The Hegelian Dialectic is being played out currently in the education programs across America in the public schools. The synthesis (solution) is the Waiver option, which came after the antithesis that was the huge failure rate in the public schools (reaction). It all started with the thesis (problem) that was the standards-based (AYP percentages) accountability system put in place during the standardized testing era for public school children. Standards/AYP (problem) leading to failure of schools nationwide (reaction), and finally the Waiver option to rescue the states (solution) has been played out in traditional Hegelian Dialectic fashion.
Now, a new reaction is taking place across the country--the reaction to the Common Core State Standards. Many states are finding out that the standards are not to their liking. It is also being discovered that there is an exorbitant cost in implementing the CCSS. States are crying foul and standing up to the federal government by threatening to opt out of the Waiver, even when it means the loss of millions of dollars from the federal government.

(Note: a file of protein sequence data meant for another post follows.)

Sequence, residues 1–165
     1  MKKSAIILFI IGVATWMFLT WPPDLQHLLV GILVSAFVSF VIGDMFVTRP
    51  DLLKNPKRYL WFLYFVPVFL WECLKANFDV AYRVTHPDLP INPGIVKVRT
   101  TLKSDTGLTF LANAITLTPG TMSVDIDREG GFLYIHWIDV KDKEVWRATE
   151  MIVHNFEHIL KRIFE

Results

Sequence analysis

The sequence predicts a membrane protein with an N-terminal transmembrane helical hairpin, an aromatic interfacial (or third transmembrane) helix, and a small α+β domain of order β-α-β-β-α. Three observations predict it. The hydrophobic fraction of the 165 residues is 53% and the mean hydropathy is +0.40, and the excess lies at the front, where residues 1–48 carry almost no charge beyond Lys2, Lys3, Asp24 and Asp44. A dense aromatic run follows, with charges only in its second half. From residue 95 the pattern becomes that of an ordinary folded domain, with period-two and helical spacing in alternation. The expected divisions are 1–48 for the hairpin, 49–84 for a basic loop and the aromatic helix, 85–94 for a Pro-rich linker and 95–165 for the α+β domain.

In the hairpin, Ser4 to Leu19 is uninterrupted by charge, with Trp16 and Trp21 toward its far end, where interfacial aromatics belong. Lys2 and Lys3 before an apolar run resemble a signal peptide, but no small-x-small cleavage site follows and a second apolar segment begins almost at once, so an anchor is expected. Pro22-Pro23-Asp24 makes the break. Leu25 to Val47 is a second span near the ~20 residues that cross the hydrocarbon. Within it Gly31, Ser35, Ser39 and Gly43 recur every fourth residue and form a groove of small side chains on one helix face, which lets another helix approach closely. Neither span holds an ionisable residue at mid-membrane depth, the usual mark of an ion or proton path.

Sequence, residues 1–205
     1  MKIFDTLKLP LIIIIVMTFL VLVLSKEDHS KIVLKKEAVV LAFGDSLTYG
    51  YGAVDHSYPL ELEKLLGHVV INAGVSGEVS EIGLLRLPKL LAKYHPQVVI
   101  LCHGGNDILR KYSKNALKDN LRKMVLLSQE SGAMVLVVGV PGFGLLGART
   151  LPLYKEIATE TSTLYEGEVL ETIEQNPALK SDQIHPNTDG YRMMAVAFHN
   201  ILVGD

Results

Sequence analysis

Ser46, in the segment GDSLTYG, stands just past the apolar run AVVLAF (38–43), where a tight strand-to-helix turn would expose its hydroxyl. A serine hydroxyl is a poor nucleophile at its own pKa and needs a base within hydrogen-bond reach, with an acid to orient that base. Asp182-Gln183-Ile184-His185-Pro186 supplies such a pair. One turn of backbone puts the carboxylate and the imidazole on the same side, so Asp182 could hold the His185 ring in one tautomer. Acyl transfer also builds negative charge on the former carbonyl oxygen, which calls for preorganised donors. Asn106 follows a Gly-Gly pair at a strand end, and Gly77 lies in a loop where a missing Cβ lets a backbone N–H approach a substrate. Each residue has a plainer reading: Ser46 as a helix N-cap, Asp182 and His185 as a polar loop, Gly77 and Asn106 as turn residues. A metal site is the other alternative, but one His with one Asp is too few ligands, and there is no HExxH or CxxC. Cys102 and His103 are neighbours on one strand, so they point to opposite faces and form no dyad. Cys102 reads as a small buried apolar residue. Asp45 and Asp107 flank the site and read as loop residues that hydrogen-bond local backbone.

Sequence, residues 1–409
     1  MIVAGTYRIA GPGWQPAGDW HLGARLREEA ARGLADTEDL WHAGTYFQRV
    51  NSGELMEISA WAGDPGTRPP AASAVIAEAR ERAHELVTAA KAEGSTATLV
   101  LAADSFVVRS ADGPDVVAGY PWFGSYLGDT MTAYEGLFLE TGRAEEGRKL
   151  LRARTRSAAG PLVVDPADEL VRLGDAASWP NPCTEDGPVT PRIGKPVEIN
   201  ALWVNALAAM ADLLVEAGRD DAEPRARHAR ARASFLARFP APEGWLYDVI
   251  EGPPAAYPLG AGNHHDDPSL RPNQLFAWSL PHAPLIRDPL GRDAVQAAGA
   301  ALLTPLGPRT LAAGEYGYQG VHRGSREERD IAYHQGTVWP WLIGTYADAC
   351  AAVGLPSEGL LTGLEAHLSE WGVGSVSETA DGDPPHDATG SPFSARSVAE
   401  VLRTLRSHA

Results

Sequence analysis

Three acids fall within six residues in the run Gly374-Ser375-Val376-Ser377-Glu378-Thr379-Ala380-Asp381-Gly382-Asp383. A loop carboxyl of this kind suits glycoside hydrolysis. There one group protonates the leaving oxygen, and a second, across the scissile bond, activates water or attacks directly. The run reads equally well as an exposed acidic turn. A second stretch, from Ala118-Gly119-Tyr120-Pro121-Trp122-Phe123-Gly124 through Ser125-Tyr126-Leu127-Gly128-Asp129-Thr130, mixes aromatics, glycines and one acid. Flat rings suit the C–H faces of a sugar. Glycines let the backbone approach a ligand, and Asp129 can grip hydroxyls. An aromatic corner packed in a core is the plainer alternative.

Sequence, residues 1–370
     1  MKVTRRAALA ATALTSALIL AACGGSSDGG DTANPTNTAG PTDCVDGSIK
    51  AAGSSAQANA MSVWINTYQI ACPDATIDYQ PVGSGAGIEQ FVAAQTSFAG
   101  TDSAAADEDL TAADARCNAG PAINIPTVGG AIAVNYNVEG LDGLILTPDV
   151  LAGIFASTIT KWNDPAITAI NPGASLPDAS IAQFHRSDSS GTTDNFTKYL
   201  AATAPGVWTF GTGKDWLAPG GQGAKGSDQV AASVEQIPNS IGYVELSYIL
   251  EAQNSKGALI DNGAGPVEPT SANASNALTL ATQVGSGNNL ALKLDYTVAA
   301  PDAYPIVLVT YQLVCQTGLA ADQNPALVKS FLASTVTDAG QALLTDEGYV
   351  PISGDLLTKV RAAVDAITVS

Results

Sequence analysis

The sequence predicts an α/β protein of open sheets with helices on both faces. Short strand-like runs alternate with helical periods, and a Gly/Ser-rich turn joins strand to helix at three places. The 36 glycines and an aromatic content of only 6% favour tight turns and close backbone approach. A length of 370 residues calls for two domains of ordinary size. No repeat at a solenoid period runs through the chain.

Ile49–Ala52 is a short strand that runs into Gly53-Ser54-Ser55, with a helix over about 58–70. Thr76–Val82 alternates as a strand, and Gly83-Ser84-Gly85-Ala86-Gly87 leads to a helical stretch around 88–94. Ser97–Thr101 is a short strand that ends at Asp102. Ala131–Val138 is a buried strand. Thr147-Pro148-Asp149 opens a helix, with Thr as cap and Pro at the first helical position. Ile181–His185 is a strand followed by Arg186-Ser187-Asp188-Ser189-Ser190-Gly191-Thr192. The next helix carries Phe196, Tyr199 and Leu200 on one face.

Most likely, there is already a plan in motion that will rescue the states from the dreaded Common Core. Look for this to come in the next year or two as the pushback to the Common Core reaches fever pitch. It may come in the form of an increased push to move all school districts into charter management operations (CMO’s) just as Louisiana has done in New Orleans. If this occurs it will signal the death knell of the public school system in America. Gone will be the elected school boards and gone will be the parent’s ability to have a say in the education of their children.
It is time for a change in our approach to the education of our children. This change has to be built from the bottom up. Teachers, principals and superintendents must say “No more!” No more being led by the nose into each new phase of control and oppression. This has to be done in vast numbers, as the only way to get the attention of those in control of the education system is to all speak with one voice. When the state’s politicians hear this voice of unity coming from every school district in their state, there will be a chance for true reform. This reform, however, will be to remove the shackles of the accountability system and reclaim the teaching profession’s rightful place in education. Remove the fear of yearly failure from both the student and the profession. Reinstate the teacher as the rightful purveyor of information and knowledge in the classroom, and give back to the parents the ownership and control of our communities’ schools.